AFTER THE DECLARATION THAT OF LIMITED OR CONSTITUTIONAL
OF EACH OTHER YET
BETWEEN A CONSOLIDATED AND A FEDERATIVE UNION-WEAKNESS OF THE CON
OF FOREIGN ALLIANCE-PROPOSITION IN CONGRESS CALL OF VIRGINIA-CON
VENTION AT ANNAPOLIS-ITS REPORT TO THE LEGISLATURES-CONGRESS CALLS
UPON THE STATES TO SEND DELEGATES TO A CONVENTION-IMPORTANCE OF THE
PHRASEOLOGY OF THE CALL-ASSEMBLING OF THE CONVENTION AT PHILADEL
PHIA-PARTIES IN THE CONVENTION-THE MONARCHICAL PARTY-THE LARGE
STATE PARTY-THE STATE RIGHTS PARTY-PROPOSITIONS OF MR. RANDOLPH
OF MR. CHARLES PINCKNEY-OF MR. PATTERSON-OF COLONEL HAMILTON
TWENTY-THREE RESOLUTIONS OF CONVENTION WITH DATES OF THEIR ADOPTION
EQUAL DIVISION OF THE CONVENTION ON THE SUBJECT OF REPRESENTATION IN
CONGRESS--CONFERENCE-COMPROMISE-DRAFT OF CONSTITUTION REPORTED
SION OF THE NAMES OF STATES IN THE PREAMBLE-THE REASONSECESSION
OF STATES FROM THE CONFEDERATIONUNANIMOUS ADOPTION OF THE
STITUTION IN CONVENTION_ITS RECEPTION BY CONGRESS-RATIFICATIONS BY
STATES-ACT FOR PUTTING IT IN OPERATION-WASHINGTON ELECTED
PRESIDENT-IMPERFECTION OF THE CONSTITUTION AS ADOPTED-DECLARATIONS
AND AMENDMENTS OFFERED BY THE STATES-MASSACHUSETTS-NEW
SOUTH CAROLINA-VIRGINIA NEW
TWELVE AMENDMENTS PROPOSED BY CONGRESS-TEN OF THEM ACCEPTED BY
THE STATES-VALUE OF THE AMENDMENTS-THE ELEVENTH AMENDMENT-THE
As we are now about to enter on the history of the adoption of the Constitution, it is well that we should bear in mind the circumstances under which it was adopted.
From the date of the Declaration of Independence, when the final separation of the colonies from the mother country was proclaimed to the world, each individual colony enjoyed complete selfgovernment. Whatever portion of the sovereign authority in these communities may have been rightfully or wrongfully exercised by Britain, was at once transferred to the communities themselves. Yet not in such a way as to set the liberty or rights of the individual citizen at the inercy of a mere majority of his fellow citi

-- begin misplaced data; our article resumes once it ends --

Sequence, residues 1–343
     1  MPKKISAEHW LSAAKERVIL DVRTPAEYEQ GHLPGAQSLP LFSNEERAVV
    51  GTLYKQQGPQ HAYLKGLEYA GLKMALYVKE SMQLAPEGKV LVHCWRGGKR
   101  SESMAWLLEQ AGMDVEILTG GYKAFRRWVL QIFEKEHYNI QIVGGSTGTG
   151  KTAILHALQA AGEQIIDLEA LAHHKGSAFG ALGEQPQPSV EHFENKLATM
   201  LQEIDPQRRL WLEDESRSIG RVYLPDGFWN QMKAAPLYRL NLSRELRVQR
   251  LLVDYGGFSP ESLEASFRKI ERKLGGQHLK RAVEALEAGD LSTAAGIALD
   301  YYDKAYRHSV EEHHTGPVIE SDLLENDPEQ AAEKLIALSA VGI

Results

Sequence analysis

The fundamental law of the colonies was still the common law of England. The rights and liberties for which the colonies had long been struggling and for usurpations against which they had declared the king of England to have forfeited his sovereignty over them, were the rights and liberties of English subjects. By the settlement of undivided sovereignty in the colonies themselves, the existing law was not repealed, but rather confirmed and vindicated from invasions by assumed authority. The rights and liberties of individuals, as guaranteed by the great documents and charters of the English Constitution, were not abrogated, but maintained and reasserted with more pressing instance. Hence the sovereignty of the colonies after the declaration of their independence was limited in its exercise by the same restrictions as the sovereign power in England; the rights of individuals were protected by the same inestimable constitutions as before; and the majority in each separate colony could lawfully pass no act contravening their provisions. It is an error, therefore, to imagine that the several colonies were ever without established laws or limitations to the exercise of sovereigo power. They had from the moment of their independence actually what, from their first establishment, they had demanded rightfully, the whole English Constitution so far as it was applicable in their situation. It cannot be too frequently repeated that the State governments, whether in the hands of popular majorities or otherwise constituted, were from the first limited governments. Nor is it too much to say that if any constitutions had been subsequently adopted by majorities, or if any constitutions should ever hereafter be adopted by majorities in any of these States, setting at nought the franchise of the citizen as it then stood under the English Constitution, they would be mere usurpations, and their successful establishment would be